This is similar for 2AC blocks. Every time a student at camp or during the year sends me a 2AC block with numbers I immediately try and dissuade them from having this sort of formulaic approach. Debaters should start preparing blocks that are more modular. So to answer the states CP you shouldn’t have 1 block, you should have many argument modules that you can pick from based on the evidence/arguments read by the other side. The benefits to this are

-better /more responsive 2AC

-harder to scout/prepare to debate you

-argument flexibility

etc.

Since you are constructing a 2AC block in every debate in the same manner as you used to construct them before tournaments you can also just save them so if you debate the same team/strategy again you have it all ready.

3. Tech

I’m not sold on the paperless template that uses the speech.doc being better then ctrl c+ctrlv, and in fact in my experience its much slower/more cumbersome. Now granted, I have award winning cut and paste skills- but even for the less word hot key nimble of you out there I just don’t see how this process is less time consuming. Here is what I did when I debated paperless:

1. As off case args were read, I made a header for each one on a new sheet

2. After making header, i alt+tab back to aff file, found cards, ctrl c, alt tab, looked for header, ctrl v

After doing this, I had very little need to move things around within the new document. This seemed much simpler than the speech.doc route to me anyway. I guess the big adv of speech.doc is if you are sending things from a million docs and have way to many word docs open for easy alt tabing. But I also flowed on the computer and had a timer on the computer so being an alt tab ninja was a requirement from the get go.

Also, this paperless debate thing seems to me to make a mouse with extra programmable buttons a necessity. Esp with speech.doc where there are a million macros, more buttons makes the process a lot easier to do quickly.

Another random note, the way laptops seem to be moving is toward widescreen displays. It seems to me that we should change our files from “portrait” to “landscape” to avoid losing a lot of screen real estate/fit more on one page/make it easier to read things- particularly with long cards.

Mistake Free Debating

Having come back from debate camp and judged approximately 25 or so debates in the last 4 or so weeks I’ve had a lot of time to reflect on the good the bad and the ugly when it comes to HS debate.  I’ve always had the motto and constantly tell my kids before their debates to debate “mistake free.”  While this request often falls on deaf ears and usually sounds so logical as to be ignored I think it’s something that’s worth thinking about.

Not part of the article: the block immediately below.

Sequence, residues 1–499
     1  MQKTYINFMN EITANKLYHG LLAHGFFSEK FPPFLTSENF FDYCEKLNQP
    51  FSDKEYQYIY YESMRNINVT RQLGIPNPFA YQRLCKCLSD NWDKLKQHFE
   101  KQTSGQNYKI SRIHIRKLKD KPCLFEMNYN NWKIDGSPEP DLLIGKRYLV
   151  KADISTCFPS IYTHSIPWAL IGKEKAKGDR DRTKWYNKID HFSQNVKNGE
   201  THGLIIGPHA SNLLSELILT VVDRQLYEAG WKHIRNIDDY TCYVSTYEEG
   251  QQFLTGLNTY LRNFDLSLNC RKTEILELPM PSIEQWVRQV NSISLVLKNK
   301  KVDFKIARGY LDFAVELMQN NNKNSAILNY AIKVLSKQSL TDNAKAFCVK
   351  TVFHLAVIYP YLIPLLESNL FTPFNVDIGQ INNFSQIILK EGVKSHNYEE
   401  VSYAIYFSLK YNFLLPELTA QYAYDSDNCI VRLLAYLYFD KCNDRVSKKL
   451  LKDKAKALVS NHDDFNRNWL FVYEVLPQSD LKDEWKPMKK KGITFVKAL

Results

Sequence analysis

Mistake free debating is not synonymous with debating well or good debating.  While mistake free debating is a necessary condition for good debating, mistake free debating is not sufficient to be good debating.  Mistake free debating as it sounds is the absence of easily correctable and often times costly errors that contribute to losing a debate.  Whereas good debating is not only avoiding making such mistakes but also involves taking it a step further in out debating, out arguing and out skilling your opponent.  In HS a majority of debates are won and lost not due to one team out debating the other team but due to one team capitalizing on the costly mistakes their opponents have made.  I would say that if you were not a “great” debater or even a “really good debater” but debated as mistake free as you could, you’d likely win 10-20 more debates over the course of a season which seems pretty significant.

So what is mistake free debating?  I’ll make a list of some of the more common errors I see debate in and debate out that cost teams rounds

1.)    Dropped arguments- this drives me nuts.  This is probably one of the biggest contributors to losses that it deserves subsections.  I’ll just rant here.  Flowing is the most fundamental aspect of this activity.  If one cannot respond to their opponents arguments how do they expect to win?  I see flowing errors and lack of flowing skills at all levels.  This is an easy one to practice, have one person read cards, you flow, keep good spacing in your flows, leave room for overviews, circle/star/highlight/box/ whatever key args like theory args, voting issues etc.   If you don’t understand an argument do the same box/circle thing,  don’t just let it sit there on the line by line.  Other things that fall within the purview of dropped args is missing add ons, etc.

2.)    Kicking out of disads and cps properly- You all are horrible at kicking stuff.  Take a second and think of the args you can concede, and think about its interrelation to other flow args.  Does econ decline inevitable on inflation mess with your politics da’s impact?  Does extending N/U sound like a good idea when there are link turns too?

3.)    Reading the wrong card / block / whatever.  2ac’s do this constantly on t blocks, negatives do this on case args and U and Impacts for the disad.   It takes a little more attention but c’mon now.  Read the right block for goodness sake.  Step 1 right blocks, step 2 read correct blocks.

While this list is just preliminary and by no means comprehensive you can see how all of these things add up to costly losses and easy wins for your opponents.  Avoid making these errors and your record will improve drastically even if you’re not making better arguments, cutting more cards or doing the other things that help make you a good or great debater.